When Band Director Christine Smith left the Milford High School Band room on maternity leave recently, a well-known face stepped in to fill her shoes. Dr. Jerry Thompson, who taught band at the high school for 29 years, entered the classroom as a substitute.
Dr. Thompson graduated from Delaware State College in 1972, West Chester State College in Pennsylvania in 1988 and the University of Maryland in 1998.
“I began my career in Milford,” Dr. Thompson said. “Every student that walked through those band room doors were highlights in my career.” For many students, Dr. Thompson was a guiding light for them throughout high school.
Dr. Thompson, a Vietnam veteran, said his start in directing high school bands was unique. He said that he was talking to a college counselor 24 hours after leaving Vietnam and was asked what his major was. The counselor was not prepared for answers coming from a young man whose mind was still in the jungle.
“So he asked me what I did before I entered the Army,” Dr. Thompson said. “I told him I played drums in a rock band and the counselor responded ‘Good! You’re a music major.” He said he never looked back and enjoyed his career guiding young people not only in their musical talent but in life in general.
Nicole Rogers, who graduated from Milford in 2014, had Dr. Thompson as a substitute many times when Ms. Smith was out of the classroom. She said that Dr. Thompson was an excellent teacher and was able to handle discipline without students even realizing they had been disciplined.
“He is amazing,” Ms. Rogers said. “He taught us so much in just the three days he was in the classroom.” Other students who learned under Dr. Thompson echoed Ms. Rogers’ sentiments.
Commander Robert Hochstedler, who graduated in 1991 and now serves in the United States Navy, had Dr. Thompson as a band director all four years of his high school band career. Commander Hochstedler, a drummer, said that Dr. Thompson taught them that music was everywhere.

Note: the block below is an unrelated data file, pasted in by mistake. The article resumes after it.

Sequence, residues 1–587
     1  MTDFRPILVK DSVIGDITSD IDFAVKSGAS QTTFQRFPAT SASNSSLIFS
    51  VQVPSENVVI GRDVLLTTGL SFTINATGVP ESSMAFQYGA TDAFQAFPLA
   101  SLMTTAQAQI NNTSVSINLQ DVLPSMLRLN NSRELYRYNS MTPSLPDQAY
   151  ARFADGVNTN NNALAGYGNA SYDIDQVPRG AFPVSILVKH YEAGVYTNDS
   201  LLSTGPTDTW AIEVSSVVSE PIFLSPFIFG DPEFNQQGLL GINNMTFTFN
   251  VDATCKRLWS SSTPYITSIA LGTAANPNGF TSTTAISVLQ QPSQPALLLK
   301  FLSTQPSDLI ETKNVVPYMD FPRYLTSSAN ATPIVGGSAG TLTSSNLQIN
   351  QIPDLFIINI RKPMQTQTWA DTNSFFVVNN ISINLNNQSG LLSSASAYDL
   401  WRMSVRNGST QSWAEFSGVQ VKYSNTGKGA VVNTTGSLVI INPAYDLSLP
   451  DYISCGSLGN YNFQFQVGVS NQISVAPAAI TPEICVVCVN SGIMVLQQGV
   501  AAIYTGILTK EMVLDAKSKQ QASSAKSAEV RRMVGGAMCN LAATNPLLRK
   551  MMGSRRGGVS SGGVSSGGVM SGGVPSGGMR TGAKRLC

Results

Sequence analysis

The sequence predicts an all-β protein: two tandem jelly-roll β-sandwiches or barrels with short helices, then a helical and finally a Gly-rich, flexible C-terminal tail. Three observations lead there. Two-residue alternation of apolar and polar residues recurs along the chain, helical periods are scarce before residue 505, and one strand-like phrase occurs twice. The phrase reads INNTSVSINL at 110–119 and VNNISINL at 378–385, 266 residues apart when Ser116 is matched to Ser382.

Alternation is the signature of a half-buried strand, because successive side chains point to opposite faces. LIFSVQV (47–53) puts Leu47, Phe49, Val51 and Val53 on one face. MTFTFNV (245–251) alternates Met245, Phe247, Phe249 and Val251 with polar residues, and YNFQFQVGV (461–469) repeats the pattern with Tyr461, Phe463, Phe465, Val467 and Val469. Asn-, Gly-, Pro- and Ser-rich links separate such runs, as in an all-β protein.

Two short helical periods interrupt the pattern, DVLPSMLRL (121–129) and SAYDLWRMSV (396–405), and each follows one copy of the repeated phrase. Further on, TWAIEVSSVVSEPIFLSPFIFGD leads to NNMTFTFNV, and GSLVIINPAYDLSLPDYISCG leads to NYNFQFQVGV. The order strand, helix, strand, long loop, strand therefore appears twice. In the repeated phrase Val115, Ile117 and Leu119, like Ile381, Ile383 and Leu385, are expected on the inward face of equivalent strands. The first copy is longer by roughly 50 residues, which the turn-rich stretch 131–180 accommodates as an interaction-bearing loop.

“One of the drum cadences we played, ‘Swamp Boogie,’ was actually based on the noises the building doors outside the band room made when they closed. He is the reason that music has always been a part of my life.” Commander Hochstedler said he will never forget that Dr. Thompson encouraged them to write and change music. He taught them that they should create and have fun instead of just playing the notes.
Dr. Thompson said that he decided to retire when politics entered education. He said that education became a political football to be kicked around by those seeking personal gains from education instead of what was best for the students and the school. He felt that teachers were no longer respected for the job they do and became scapegoats for politics. He retired from Milford in 2000 and taught at North Caroline High School from 2000 to 2005 and at Wesley College from 2006 to 2009.
“I humbly thank each and every student for the opportunity to share their four years of high school,” Dr. Thompson said. “The football games, parades, concerts, performances, musicals and their effort and pride to make the high school music as great as it could be.”